FIELD research study findings



Q: Does the FIELD study confirm that dementia is more common in former professional footballers than in the normal population?

The FIELD study has confirmed that from the details of the former professional footballers analysed in this study, they lived three and a quarter years longer and were less likely to die of heart disease, respiratory disease or cancer.

However, they were more likely to die of dementia. The research found that 11% of the former professional footballer's health records declared that they had died from dementia, compared to around 3% for the socio-demographically matched sample.

Therefore, professional footballers in this research sample were 3.5 times more likely to die of dementia than other causes of death in this age range.

However, this group of former professional footballers did not on average die earlier of dementia than dementia sufferers in the general population.

The study was only focused on former professional footballers and does not look at amateur-level footballers

Q: Was the FIELD study entirely independent from The FA and the PFA?

Yes. The FIELD study was completely independent from The FA and the PFA.

The FA and the PFA funded the FIELD study, however neither body had any influence on the method of the study, who was involved, how it was conducted or what the results were.

Q: How reliable are the results of the FIELD study?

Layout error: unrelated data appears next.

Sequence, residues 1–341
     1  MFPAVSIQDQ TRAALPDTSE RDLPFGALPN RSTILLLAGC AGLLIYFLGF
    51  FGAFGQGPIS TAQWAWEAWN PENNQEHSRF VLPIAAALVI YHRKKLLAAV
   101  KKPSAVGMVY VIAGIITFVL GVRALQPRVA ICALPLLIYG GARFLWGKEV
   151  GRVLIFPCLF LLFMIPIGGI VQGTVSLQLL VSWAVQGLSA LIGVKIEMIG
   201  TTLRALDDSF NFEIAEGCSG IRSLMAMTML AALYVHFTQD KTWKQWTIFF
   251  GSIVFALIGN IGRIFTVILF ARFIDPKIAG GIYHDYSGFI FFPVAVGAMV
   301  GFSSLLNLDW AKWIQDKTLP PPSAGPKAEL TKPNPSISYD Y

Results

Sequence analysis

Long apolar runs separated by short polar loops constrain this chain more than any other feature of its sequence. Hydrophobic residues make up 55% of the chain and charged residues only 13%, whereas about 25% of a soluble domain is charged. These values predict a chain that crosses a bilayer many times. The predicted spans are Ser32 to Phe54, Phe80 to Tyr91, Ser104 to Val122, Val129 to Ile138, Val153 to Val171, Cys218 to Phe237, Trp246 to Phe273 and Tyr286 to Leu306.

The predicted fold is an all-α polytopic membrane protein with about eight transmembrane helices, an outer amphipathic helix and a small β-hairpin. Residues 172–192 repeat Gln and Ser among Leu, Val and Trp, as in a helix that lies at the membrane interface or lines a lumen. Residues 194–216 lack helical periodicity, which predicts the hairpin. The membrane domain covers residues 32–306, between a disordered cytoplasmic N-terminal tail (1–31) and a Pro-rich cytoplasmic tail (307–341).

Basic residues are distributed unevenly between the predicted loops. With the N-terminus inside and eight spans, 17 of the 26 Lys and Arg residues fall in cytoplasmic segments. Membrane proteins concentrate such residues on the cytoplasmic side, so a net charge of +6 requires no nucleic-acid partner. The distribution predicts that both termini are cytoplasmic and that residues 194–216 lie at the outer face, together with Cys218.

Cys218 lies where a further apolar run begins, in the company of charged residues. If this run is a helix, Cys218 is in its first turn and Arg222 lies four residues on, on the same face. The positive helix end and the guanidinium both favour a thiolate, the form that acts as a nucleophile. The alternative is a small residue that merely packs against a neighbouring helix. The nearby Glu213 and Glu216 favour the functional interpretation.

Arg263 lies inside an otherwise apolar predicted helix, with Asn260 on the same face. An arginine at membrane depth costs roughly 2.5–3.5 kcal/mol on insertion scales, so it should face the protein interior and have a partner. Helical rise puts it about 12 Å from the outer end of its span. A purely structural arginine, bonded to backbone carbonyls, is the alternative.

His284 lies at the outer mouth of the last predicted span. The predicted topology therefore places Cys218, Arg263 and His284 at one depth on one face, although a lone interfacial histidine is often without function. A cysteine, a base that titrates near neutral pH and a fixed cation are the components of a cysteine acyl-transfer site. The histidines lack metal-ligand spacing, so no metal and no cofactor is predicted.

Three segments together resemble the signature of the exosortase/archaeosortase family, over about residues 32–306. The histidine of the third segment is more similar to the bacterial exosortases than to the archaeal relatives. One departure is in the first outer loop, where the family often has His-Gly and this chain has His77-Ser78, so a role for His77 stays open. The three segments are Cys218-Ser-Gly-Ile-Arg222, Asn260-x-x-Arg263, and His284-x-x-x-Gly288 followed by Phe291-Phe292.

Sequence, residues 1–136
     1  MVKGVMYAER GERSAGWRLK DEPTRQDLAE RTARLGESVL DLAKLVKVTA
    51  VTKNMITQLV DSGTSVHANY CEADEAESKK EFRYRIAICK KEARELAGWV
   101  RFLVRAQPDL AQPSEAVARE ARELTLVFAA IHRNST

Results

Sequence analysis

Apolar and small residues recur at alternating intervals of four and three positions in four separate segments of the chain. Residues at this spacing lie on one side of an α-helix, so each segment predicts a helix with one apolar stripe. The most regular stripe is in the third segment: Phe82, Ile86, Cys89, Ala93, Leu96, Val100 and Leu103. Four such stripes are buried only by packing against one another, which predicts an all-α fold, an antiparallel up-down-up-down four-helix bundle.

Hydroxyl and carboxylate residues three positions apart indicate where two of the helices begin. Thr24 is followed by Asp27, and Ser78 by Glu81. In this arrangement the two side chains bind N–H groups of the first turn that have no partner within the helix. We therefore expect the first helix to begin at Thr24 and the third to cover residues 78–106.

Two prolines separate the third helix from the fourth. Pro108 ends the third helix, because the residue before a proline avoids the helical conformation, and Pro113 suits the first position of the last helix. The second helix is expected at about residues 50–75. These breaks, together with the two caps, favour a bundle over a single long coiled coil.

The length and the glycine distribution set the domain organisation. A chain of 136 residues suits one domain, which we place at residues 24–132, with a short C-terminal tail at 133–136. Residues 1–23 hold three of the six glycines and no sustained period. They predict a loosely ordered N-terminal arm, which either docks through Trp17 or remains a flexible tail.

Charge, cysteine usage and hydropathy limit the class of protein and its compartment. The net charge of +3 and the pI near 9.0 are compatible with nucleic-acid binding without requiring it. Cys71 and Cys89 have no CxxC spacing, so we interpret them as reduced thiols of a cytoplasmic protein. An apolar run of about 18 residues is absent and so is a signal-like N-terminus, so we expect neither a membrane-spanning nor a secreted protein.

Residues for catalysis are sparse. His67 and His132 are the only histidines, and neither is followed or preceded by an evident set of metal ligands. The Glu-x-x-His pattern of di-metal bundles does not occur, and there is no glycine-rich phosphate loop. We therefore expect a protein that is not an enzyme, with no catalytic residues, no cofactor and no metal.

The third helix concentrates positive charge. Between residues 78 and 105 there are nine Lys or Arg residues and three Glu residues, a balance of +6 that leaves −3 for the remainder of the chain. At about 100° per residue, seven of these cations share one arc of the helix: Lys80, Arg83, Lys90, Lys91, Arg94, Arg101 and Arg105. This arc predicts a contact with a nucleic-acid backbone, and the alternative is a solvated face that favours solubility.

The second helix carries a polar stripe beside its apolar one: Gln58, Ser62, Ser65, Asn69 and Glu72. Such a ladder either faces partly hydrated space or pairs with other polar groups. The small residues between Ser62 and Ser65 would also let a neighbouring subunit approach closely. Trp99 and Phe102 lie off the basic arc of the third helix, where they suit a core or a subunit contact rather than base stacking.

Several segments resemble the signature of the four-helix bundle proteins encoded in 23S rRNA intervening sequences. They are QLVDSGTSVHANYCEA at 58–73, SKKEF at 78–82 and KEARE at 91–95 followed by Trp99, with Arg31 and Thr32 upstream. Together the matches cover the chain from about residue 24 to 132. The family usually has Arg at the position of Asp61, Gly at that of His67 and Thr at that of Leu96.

The former professional footballers studied in the FIELD study cover a large time span as they were born between 1900 and 1976. Since that time there have been a number of changes to the game of football. Therefore, it's not possible to know what the results would be for professional footballers today.

Although the results may not completely reflect the current risks of football, the study results and statistics for the players in the study are very reliable. They've been scrutinized independently and published in The New England Journal of Medicine, a very highly respected medical journal.

Q: Why was the FIELD study done in Scotland and not England?

The player database and comprehensive digitalised NHS medical records are only available in Scotland.

Q: What advice is The FA giving following the publication of the FIELD study?

Importantly, we don’t want this study to prevent people from playing football.

The FA’s independently chaired Medical & Football Advisory Group reviewed the findings of the FIELD study and don't believe there is enough evidence at this stage to make changes to the way modern-day football is played, at any level of the game.

The Medical & Football Advisory Group have recommended that that we take the following steps:

1. To re-issue the current FA Concussion Guidelines, which were originally launched in 2015 and that we work with football bodies, such as FIFA and UEFA, to consider further steps to improve head injury management, for example by supporting UEFA’s proposals to introduce concussion substitutes.

2. To re-issue best-practice advice for coaching heading